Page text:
Noted scholar on Middle East to discuss threats facing Israel

| News Manager

Renowned Middle East scholar Michael Oren will deliver a speech on the threats to Israel’s existence to University students and the St. Louis community at the 560 Building on Thursday evening at 7:30.

Oren’s lecture will address many of the problems facing Israel today, including terrorism, threats from Iran, the nation’s military arsenal and changing demographics, among others.

The speech, titled “Israel in the Face of Existential Threats,” will largely focus on the future of Israel and how it can survive.

“I think it’s a different opinion they don’t perhaps get otherwise, to talk to someone who not only studies this in the classroom but also [offers] a good perspective for them,” Oren said in an interview with Student Life and the Jewish Light.

The event was organized to help educate students and develop a dialogue on campus about current Israeli issues.

“[We want to] reignite the dialogue regarding the Middle East on campus because we feel it’s not an issue discussed on campus, and it’s a shame, because we feel like we can make a really big difference,” said senior Ari Sasson, one of the event coordinators.

“Wash. U. has such a big Jewish community and we feel like it has the potential to do a lot of good, but it’s not really discussed. Bringing Michael Oren is just one part in this wider initiative,” Sasson added.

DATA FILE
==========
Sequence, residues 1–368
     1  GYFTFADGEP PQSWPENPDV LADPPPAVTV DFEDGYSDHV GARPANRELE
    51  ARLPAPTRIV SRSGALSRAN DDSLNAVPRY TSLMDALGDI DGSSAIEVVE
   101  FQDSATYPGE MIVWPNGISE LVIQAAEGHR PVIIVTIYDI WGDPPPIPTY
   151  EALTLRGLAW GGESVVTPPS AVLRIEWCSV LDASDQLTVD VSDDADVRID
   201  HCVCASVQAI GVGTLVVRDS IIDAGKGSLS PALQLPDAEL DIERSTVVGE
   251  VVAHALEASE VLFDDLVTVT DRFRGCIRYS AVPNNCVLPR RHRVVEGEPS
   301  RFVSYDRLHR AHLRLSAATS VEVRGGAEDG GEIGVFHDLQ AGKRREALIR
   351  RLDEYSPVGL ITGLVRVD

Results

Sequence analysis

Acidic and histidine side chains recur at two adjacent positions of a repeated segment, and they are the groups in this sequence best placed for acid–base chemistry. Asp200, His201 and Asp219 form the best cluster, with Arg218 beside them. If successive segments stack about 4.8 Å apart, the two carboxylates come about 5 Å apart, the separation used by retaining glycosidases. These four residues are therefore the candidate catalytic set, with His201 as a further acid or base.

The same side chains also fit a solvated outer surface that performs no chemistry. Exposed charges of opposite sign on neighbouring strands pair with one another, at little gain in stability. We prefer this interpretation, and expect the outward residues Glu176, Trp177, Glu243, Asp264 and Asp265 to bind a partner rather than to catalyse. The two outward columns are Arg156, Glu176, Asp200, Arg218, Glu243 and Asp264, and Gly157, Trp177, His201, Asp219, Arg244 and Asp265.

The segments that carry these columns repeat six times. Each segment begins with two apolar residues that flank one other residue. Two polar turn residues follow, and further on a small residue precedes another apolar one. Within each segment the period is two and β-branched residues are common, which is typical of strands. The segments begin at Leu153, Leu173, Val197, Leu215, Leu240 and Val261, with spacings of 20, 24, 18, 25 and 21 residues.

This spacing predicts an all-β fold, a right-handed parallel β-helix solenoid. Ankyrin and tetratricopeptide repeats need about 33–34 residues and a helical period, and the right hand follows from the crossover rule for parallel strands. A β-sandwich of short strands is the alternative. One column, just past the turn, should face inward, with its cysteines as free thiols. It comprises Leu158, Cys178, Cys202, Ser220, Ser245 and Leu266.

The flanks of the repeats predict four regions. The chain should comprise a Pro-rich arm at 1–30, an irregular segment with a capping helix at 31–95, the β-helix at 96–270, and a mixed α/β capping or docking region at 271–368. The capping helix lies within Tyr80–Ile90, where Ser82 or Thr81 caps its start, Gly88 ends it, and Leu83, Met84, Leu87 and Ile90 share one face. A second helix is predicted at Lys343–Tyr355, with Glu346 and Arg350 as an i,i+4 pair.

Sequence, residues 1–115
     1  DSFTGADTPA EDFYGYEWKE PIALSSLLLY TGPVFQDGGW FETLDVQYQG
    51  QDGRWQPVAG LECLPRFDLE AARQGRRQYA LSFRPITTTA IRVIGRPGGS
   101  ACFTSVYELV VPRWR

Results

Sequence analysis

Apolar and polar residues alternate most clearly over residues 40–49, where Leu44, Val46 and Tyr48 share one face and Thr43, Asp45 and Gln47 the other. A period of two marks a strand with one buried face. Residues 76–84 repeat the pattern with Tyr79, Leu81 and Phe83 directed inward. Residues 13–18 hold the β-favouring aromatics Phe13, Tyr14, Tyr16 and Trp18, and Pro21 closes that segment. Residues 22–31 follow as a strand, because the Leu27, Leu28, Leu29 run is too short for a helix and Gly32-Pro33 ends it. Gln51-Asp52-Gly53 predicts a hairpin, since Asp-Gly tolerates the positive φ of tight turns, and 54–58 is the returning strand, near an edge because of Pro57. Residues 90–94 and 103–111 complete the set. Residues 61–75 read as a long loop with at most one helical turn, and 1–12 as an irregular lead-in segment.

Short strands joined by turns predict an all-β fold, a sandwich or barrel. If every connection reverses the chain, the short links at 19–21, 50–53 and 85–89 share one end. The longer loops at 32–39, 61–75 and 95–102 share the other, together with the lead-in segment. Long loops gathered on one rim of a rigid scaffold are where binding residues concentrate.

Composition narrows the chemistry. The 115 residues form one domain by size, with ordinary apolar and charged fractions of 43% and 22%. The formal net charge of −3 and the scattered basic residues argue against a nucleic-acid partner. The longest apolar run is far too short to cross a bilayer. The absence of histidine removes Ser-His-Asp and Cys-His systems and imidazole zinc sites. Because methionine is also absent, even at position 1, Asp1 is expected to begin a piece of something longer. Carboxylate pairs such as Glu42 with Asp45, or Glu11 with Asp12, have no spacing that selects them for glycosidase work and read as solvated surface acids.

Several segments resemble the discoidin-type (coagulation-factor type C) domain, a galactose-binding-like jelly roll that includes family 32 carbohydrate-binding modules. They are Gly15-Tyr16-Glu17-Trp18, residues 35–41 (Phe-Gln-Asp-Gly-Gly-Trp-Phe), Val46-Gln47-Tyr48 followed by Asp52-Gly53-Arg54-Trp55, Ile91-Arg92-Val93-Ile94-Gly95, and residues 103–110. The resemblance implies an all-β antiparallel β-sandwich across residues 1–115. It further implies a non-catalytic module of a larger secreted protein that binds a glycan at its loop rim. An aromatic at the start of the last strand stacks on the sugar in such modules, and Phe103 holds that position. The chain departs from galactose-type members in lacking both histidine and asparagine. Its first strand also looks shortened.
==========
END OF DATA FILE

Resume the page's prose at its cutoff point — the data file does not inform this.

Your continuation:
The event is cosponsored by  numerous student groups on campus, including the Jewish Student Union, the College Democrats, the College Republicans and the Political Science Student Association (PSSA). Many other community groups are also sponsoring the event.

According to senior Danielle Heiman, another coordinator of the event, so many groups are involved because Oren’s career touches on both the academic sphere and political sphere.

“The importance [of the event] is that it’s showing what we’re talking about doesn’t just necessarily have to do with Israel, but it has to do with general academic areas of interest that most Wash. U. students should be interested in on some level,” Heiman said.

The bipartisan nature of this event is something not often seen on the University’s campus.

The PSSA is serving mostly as a nonpartisan group to facilitate and coordinate the efforts of other groups involved.

According to junior Mark Dudley, president of the PSSA, this is a great way for different campus organizations to collaborate and appeal to a wider range of students.

“[The sponsors of the event] will send a message: This event is open and public discussion. It’s not going to be biased or slanted in anyway,” Dudley said.

Dudley said he hopes the groups can continue to work together after Oren’s visit.

“I hope it’ll be a chance for our four groups to get together not just once but in the future to bring events and speakers to campus. It’s kind of a coming-out for the four of us if you will, together, working on this event,” Dudley said. “I think if you really want to move forward and plan really strong events, the four groups working together with other groups is a great way to get things accomplished that are open to the student body.”

Oren has been a visiting professor at both Harvard and Yale universities and is currently a visiting professor at Georgetown University. He has published works in several national newspapers, including The New York Times and The Wall Street Journal.

Oren is the author of two New York Times bestsellers and a fellow at the Shalom Center in Jerusalem. He has also testified before Congress.

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